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Thursday, 31 October, 2002, 17:53 GMT
The art of Turner protests
Culture minister Kim Howells' criticism of the "cold, mechanical" and "boring" Turner Prize was not the first attack on the award, and will not be the last.
Whether you agree with the jury's choices or not, the Turner Prize is nothing if not entertaining.
Fortunately for the spectators, the people who it annoys are the people who are most passionate about art - other artists.
That means their protests are often as artful as the winning entries.
Kim Howells made his anger known with a note raging against the "pathetic" nature of "conceptual bullshit" and pinned it on the gallery's comments board.
An art student in his youth, Mr Howells' note could now be considered a work of art in itself.
A common complaint against the prize is that it rewards everyday items - and it was reported on Thursday that artist Sean Hall has taken the joke to its logical conclusion.
He has placed a bet with William Hill that the very betting slip with which he placed the wager would win the Turner Prize by 2005.
Then there were the clown costumes, the broken eggs and the graffiti. But they were just more protests.
The Turner Prize was born into controversy in 1984 when its inaugural winner, Malcolm Morley, said he was "disgusted" at how the prize pitted artists against each other like a "blood sport".
But the fun did not begin in earnest until the 1990s.
After sculptor Grenville Davey won in 1992, he warned future entrants that media pressures would require "protective headgear, thick gloves, barrier cream, a length of rubber hose and definitely a sense of humour".
The following year, Rachel Whiteread picked up the £20,000 prize for House, an inside-out concrete cast of a demolished house in east London.
Affronted by the choice, art saboteurs and rock group the K Foundation created an award for the year's worst artwork with twice the prize money and awarded it to Whiteread.
She split the K Foundation money between Shelter, the arts trust at HM Prison Albany and grants for young artists - but neither award cut much ice with Tower Hamlets Council.
The local authority sent the bulldozers in to finish off 193 Grove Road and assure its place in art history.
"Have they gone stark raving mad?" asked politician Norman Tebbit in The Sun newspaper.
When Hirst's pickled sheep sold for £25,000, The Mirror gave its readers instructions on how to make their own version with a toy sheep and a home-made tank under the headline: "Fleeced!"
Video artist Douglas Gordon tried to turn down his nomination in 1996, saying he was too busy and "would rather not".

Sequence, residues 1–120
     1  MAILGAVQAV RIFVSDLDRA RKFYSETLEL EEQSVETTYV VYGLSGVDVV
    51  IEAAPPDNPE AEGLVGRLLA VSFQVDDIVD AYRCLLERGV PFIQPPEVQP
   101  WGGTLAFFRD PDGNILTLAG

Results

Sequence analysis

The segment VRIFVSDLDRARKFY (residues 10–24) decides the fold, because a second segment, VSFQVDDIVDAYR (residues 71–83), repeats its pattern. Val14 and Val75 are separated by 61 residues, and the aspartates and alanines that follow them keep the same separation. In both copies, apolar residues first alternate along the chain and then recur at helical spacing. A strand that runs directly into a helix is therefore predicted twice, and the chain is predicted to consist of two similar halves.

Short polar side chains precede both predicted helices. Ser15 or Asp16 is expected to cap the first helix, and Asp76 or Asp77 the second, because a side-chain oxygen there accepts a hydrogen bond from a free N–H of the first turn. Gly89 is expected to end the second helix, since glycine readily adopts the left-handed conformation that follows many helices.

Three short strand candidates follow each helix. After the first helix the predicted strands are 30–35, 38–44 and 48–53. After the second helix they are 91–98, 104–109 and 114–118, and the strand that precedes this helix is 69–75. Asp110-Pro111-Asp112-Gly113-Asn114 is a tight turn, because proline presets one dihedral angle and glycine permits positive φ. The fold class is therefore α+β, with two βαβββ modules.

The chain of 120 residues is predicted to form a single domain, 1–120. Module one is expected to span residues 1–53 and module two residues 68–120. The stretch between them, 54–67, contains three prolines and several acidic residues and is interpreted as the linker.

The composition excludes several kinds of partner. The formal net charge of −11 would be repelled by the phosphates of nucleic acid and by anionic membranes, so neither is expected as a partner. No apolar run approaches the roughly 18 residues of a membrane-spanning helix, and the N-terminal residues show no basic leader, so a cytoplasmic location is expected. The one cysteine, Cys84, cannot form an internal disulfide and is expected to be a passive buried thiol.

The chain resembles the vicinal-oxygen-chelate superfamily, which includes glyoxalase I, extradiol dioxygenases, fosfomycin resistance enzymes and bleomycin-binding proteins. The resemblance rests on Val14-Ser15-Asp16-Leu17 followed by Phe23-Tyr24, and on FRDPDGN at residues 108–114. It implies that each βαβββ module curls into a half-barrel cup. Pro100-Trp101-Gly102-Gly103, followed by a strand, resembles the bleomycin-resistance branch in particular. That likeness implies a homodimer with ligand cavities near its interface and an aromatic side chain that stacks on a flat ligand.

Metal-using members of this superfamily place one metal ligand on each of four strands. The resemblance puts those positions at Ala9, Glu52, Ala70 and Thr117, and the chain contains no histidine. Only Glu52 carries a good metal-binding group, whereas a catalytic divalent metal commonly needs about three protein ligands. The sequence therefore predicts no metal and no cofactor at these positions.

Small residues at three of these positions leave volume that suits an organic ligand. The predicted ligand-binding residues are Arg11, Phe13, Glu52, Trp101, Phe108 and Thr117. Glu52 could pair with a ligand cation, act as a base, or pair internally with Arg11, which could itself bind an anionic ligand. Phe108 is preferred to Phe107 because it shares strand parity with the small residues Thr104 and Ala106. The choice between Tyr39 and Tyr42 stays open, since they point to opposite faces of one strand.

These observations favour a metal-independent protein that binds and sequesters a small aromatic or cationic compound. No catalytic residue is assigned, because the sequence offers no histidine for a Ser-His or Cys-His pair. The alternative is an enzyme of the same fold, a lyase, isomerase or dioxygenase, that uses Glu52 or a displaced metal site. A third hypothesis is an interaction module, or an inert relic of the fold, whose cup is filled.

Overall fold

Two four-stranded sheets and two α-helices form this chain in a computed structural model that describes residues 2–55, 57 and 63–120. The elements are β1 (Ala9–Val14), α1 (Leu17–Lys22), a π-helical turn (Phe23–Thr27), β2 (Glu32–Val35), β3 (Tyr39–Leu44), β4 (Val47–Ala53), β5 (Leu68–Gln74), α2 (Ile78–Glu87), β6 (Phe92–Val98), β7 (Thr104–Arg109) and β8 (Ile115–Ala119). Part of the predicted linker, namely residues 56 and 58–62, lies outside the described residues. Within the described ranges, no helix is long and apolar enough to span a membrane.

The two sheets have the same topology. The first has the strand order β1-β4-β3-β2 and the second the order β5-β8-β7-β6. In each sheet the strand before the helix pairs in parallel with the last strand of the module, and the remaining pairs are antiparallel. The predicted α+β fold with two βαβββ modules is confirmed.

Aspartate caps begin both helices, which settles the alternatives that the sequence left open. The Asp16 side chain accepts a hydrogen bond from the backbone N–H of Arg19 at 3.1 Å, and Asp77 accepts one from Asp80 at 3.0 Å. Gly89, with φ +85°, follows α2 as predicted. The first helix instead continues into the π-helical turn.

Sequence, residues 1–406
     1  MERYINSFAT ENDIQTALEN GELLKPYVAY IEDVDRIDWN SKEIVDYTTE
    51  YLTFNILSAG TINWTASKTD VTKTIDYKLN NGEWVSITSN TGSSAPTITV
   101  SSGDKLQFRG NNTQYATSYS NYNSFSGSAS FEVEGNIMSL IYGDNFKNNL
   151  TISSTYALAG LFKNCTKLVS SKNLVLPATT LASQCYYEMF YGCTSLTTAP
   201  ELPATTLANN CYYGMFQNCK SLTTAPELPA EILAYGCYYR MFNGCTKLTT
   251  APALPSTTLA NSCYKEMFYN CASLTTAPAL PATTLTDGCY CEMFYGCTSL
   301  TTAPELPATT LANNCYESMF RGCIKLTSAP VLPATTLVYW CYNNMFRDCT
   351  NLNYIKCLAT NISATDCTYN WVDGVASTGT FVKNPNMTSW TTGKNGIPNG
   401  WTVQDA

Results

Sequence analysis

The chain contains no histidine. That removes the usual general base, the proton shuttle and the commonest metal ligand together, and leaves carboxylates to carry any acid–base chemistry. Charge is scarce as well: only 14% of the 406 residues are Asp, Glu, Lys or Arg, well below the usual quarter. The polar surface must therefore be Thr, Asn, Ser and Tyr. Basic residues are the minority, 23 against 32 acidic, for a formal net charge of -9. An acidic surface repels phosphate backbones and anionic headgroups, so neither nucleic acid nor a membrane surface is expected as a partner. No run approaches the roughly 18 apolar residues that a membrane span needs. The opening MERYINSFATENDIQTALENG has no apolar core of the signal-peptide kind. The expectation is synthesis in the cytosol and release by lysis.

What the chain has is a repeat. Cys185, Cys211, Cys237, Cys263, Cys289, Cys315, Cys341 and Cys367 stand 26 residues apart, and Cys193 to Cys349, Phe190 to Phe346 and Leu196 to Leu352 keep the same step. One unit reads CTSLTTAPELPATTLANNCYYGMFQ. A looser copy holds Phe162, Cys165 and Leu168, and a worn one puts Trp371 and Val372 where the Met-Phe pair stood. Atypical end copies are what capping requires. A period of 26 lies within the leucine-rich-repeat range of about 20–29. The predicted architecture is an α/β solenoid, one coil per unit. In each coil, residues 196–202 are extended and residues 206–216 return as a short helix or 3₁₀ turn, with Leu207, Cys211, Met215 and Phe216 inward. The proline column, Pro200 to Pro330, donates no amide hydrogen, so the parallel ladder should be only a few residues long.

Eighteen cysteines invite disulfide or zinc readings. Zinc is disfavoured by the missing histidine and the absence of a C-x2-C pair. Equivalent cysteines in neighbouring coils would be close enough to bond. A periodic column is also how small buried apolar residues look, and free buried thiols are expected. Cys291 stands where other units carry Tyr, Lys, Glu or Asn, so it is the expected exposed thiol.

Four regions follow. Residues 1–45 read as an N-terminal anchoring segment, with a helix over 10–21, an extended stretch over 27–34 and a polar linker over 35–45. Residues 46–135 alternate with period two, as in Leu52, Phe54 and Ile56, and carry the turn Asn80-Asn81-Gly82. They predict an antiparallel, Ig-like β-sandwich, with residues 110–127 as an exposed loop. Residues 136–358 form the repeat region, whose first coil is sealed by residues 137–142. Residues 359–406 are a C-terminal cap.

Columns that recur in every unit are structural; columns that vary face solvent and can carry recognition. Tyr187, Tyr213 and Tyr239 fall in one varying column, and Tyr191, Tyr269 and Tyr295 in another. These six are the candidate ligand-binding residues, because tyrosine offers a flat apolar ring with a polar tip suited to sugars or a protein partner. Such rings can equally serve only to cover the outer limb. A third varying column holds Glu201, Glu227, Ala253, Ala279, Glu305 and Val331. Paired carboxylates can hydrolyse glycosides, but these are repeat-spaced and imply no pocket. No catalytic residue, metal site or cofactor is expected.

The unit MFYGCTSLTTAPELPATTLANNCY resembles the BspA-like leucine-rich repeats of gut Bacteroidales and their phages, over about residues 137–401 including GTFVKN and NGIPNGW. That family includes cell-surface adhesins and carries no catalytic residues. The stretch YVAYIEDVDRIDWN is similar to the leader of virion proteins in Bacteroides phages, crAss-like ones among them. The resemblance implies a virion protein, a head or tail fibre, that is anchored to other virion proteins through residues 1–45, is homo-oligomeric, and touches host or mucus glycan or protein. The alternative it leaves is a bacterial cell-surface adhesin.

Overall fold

Resist and refuse
"But the Tate makes it very difficult for you to turn it down," he said. He went on to win.
The following year, Julian Opie managed to resist and refuse his nomination.
When artist Chris Ofili won with a set of paintings made using elephant dung in 1998, a disgruntled illustrator of military books let his feelings be known by dumping a pile of the dung at the Tate's door.
And more attention-grabbing protest was to come when Tracey Emin's infamous unmade bed - complete with soiled sheets, vodka bottles, blood-stained underwear and a used condom - was nominated the following year.
Two men jumped on it and had a pillow fight before being dragged off.
Of Emin's exhibit - which later sold for £150,000 - playwright Tom Stoppard remarked: "It is but a hop, skip and jump to Tracey's knickers."
Meanwhile, then culture minister Chris Smith spoke out against the prize for being "controversy for controversy's sake... too narrow and unrepresentative of British art".
In 2000, the most shocking thing for many was the lack of shocks.
The prize was won by German-born photographer Wolfgang Tillmans - but outside the ceremony, Stuckist demonstrators dressed in clown costumes protested that the prize no longer represented genuine art.
The night before one ceremony, guerrilla artist Banksy stencilled "Mind the crap" on the Tate's steps - forcing the gallery to call in emergency graffiti cleaners.
And after Martin Creed's empty room with lights turning on and off was named winner in 2001, another successful artist, Jacqueline Crofton, took it upon herself to pelt it with eggs.
"At worst, The Lights Going On And Off is an electrical work. At best, it is philosophy," she said.
"Painting is in danger of becoming an extinct skill in this country."
Even if it does kill painting off, at least the Turner Prize will have inadvertently turned protest into an art form.
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